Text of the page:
marycatelli (marycatelli) wrote,

characters of quest

The quest structure has its advantages -- would have to, to remain a perennial plot -- but it has its requirements too.

One of them is characters.  You have your main characters who plug along on the quest.  And you have your bit character whom your main  ones bump into and then leave behind. Compare Frodo's plot with that of the rest of the Fellowship, who were no longer on a quest as soon as the Fellowship broke, and so could keep on bumping into minor characters, or even major ones, over and over again.  Thus developing a web of social interaction.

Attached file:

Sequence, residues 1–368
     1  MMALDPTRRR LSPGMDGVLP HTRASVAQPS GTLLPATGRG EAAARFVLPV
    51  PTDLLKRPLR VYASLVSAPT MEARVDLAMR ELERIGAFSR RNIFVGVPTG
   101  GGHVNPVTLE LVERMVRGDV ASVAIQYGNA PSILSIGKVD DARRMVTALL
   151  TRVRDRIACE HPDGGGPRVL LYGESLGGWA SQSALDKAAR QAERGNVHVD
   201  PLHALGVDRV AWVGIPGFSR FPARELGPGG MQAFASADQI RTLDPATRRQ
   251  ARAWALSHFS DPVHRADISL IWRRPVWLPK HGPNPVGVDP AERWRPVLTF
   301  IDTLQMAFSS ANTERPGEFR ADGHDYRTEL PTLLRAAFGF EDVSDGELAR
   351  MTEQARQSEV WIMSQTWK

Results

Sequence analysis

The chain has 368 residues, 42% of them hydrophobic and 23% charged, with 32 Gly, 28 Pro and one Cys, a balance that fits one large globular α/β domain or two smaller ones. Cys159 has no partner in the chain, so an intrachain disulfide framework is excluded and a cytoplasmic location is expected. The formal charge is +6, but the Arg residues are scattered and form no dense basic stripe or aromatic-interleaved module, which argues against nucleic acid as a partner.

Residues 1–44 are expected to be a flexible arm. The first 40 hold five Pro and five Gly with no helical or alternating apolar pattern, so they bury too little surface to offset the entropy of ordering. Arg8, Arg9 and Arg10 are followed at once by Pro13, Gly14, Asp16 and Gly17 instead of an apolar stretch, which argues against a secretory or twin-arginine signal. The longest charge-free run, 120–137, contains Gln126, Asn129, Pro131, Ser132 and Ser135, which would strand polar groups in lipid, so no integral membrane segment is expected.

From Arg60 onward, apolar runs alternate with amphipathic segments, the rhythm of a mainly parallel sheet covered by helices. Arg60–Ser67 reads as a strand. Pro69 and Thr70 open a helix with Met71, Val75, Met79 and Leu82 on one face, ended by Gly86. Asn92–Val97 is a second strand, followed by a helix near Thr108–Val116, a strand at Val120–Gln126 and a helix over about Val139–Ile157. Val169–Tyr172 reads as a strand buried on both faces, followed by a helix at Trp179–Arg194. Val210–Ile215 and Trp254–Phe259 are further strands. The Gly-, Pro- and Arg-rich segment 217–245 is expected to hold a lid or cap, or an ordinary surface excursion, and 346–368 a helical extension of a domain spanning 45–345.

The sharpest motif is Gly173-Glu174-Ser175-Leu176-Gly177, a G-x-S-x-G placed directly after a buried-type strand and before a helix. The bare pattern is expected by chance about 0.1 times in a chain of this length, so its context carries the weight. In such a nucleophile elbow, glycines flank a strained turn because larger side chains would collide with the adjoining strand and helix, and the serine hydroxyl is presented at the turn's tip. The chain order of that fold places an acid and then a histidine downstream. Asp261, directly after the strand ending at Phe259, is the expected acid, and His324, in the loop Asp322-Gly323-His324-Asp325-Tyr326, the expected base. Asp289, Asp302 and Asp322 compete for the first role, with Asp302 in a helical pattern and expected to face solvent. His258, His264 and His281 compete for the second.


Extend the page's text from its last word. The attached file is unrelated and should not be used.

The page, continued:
Depends on the story whether minor/major characters will work, but the lack of them has its fun aspect.  Foils, for instance, can only flare once, and not develop the contrast; if you need more contrast, you need more characters.  And subplots have to revolve about the main characters.  Even if you promote a bit character to point-of-view and followed his adventures before and after, it's hard to tie into the main plot.  This means that if the story needs to be expanded in length, it can be quite interesting to make it more complex and not just longer.

Writing is full of complications.
Tags: characters, complexity, foils, minor characters, orchestrating characters, quest, story length, subplots, travel

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